Fly, Eagles, Fly: Lincoln Financial Field Soars with 4K, Venue-Wide Upgrades
Every two weeks for the past year and a half, Philadelphia Eagles President Don Smolenski and SVP of Operations Jason Miller have taken a walk around Lincoln Financial Field. They watched as two new corner bridges took shape and sat in added seats to gauge sightlines. They oversaw the building’s upgrade to HD, comprising impressive new video displays and the latest in control-room equipment. But most important, they imagined how fans — among the most passionate in the NFL — would react.
Last week, when Smolenski and Miller again walked around the Linc’s concourses, club levels, and control room, they were joined by members of the media. The Eagles will officially unveil the $125 million renovation to fans on Sept. 7, the team’s regular-season home opener against the Jacksonville Jaguars.
“It’s really exciting,” says Smolenski. “Yes, I work with the team, but I’m a fan as well. … I’m anxious and excited and eager for the fans to come. I want them to see it because this is their home. It’s our team, and we’re all going to take it in to experience together and enjoy it for the next number of years.”
From SD to HD With Panasonic, Click Effects
Lincoln Financial Field opened in 2003 and, for the first 10 years of its existence, delivered SD content to SD videoboards in the north and south end zones. Prior to the 2014 season, the Eagles partnered with Panasonic to design and install videoboards; according to both, the new end-zone displays boast the highest resolution in the NFL.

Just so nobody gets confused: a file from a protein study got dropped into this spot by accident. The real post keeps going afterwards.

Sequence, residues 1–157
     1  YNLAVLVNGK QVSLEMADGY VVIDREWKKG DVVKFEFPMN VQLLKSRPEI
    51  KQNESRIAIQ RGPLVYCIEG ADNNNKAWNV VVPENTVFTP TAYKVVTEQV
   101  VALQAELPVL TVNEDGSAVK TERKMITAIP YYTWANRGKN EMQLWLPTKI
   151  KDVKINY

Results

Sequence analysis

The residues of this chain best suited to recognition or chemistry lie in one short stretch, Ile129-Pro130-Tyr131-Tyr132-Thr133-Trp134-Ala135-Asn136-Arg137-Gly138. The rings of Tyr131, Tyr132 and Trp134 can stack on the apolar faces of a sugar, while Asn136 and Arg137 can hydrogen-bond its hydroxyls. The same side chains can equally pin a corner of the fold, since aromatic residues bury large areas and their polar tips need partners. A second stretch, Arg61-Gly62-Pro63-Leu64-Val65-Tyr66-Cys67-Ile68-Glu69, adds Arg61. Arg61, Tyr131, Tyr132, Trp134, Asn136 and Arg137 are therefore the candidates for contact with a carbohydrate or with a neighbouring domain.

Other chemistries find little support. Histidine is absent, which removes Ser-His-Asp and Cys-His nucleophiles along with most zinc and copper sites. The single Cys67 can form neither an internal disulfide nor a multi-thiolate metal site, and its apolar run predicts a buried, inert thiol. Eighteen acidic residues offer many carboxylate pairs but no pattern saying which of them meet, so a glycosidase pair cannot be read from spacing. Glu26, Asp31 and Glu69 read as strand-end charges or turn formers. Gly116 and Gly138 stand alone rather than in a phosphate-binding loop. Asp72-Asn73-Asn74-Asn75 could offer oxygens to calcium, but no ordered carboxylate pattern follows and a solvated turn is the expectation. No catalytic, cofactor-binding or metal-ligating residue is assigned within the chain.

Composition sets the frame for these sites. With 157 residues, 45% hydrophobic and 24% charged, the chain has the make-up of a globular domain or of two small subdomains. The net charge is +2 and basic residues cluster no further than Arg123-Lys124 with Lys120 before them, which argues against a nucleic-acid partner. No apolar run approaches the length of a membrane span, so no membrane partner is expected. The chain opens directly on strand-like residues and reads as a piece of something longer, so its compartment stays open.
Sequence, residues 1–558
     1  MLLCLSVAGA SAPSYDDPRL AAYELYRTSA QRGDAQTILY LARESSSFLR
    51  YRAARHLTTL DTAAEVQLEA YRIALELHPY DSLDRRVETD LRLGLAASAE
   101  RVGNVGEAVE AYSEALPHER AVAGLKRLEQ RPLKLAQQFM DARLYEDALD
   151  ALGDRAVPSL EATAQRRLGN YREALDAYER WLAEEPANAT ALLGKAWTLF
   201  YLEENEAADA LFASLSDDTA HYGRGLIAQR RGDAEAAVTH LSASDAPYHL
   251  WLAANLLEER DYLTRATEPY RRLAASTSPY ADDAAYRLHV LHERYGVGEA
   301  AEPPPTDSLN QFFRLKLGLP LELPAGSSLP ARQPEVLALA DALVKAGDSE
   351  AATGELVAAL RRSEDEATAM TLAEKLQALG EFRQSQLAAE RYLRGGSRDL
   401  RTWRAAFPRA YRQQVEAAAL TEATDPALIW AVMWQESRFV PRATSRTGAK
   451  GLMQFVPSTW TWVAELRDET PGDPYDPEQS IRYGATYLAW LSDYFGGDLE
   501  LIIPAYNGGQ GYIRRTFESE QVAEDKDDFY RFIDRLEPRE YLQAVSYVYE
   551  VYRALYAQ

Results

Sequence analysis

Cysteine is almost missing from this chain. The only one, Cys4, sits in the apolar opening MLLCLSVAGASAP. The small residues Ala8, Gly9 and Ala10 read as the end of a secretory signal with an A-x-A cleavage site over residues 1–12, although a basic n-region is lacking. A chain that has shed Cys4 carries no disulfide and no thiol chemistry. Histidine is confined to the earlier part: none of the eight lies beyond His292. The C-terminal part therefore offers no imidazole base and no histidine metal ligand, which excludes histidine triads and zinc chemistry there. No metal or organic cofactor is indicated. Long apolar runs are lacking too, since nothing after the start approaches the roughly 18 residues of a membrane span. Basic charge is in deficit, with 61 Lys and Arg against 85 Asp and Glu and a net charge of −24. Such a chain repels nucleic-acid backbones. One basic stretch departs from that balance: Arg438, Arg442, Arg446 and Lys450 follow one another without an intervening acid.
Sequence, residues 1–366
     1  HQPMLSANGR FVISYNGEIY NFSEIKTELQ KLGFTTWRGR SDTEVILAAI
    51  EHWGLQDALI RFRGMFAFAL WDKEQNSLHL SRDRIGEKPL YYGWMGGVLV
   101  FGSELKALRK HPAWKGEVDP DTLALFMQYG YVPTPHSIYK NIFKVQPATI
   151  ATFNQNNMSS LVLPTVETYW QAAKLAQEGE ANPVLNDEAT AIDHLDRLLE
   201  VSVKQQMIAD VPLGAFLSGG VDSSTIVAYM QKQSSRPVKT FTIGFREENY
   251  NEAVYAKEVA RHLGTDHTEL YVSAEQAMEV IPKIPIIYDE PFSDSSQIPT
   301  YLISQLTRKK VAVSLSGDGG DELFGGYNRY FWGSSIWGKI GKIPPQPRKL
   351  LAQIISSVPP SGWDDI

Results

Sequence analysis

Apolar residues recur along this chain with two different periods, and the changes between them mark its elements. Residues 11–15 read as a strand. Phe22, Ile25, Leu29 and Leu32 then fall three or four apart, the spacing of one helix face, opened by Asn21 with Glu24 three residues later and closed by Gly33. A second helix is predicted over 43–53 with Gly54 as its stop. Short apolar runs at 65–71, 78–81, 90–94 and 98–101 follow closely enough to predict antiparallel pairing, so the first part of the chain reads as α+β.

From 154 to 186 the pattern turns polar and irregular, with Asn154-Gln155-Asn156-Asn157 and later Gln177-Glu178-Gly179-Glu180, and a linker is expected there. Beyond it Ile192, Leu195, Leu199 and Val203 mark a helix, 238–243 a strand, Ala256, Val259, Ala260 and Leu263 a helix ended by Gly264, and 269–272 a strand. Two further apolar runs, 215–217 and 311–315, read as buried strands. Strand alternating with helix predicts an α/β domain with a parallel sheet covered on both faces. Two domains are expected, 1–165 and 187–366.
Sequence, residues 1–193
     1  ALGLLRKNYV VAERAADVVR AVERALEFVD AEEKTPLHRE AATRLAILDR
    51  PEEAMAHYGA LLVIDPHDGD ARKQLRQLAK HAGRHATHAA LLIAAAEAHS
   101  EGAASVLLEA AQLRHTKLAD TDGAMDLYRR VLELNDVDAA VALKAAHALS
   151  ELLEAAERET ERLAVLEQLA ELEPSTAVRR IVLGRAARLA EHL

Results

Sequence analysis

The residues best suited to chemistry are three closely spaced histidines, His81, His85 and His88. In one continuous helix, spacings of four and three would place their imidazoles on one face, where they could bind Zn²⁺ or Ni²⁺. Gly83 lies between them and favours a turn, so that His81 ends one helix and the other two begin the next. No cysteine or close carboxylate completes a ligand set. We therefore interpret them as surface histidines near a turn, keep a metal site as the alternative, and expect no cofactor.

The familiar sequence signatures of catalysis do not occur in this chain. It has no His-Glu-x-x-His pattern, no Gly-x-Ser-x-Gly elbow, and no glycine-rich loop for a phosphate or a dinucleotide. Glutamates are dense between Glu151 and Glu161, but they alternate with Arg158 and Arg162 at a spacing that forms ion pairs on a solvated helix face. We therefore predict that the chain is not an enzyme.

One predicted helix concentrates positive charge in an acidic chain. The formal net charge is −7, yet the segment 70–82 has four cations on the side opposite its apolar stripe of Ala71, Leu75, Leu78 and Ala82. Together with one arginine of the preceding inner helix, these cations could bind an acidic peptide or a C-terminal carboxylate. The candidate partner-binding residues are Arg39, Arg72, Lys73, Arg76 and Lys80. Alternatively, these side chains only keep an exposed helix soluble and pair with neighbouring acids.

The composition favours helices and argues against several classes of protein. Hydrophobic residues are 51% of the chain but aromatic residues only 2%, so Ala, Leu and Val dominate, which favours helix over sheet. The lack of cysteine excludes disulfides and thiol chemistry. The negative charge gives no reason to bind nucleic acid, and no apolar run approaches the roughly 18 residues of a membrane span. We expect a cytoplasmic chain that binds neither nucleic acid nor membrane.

The north–end-zone videoboard measures 27 ft. tall x 192 ft. wide and the south–end-zone board 27 x 160 ft., totaling more than 9,400 sq. ft. of viewing area. Both boards boast 10-mm resolution and the ability to play 4K content.
Panasonic also installed several 20-mm displays, including 11 fascia-mounted ribbon boards totaling more than 2,000 ft. long, one 335-sq.-ft. display in Headhouse Plaza, and two 334-sq.-ft. and two 546-sq.-ft. marquee displays at street level outside the stadium. The Eagles Nest, located at the north end of the stadium adjacent to the north–end-zone video board, was upgraded with a 45- x 18- ft. display, a 15- x 30-ft. display, and a 390-ft. circular ribbon display.
In total, the Eagles added nearly 22,000 sq. ft. of videoboards, more than tripling the venue’s previous square footage for video.
In addition, Panasonic installed 1,185 new HD TVs throughout the stadium, including concourses, club areas, and luxury suites.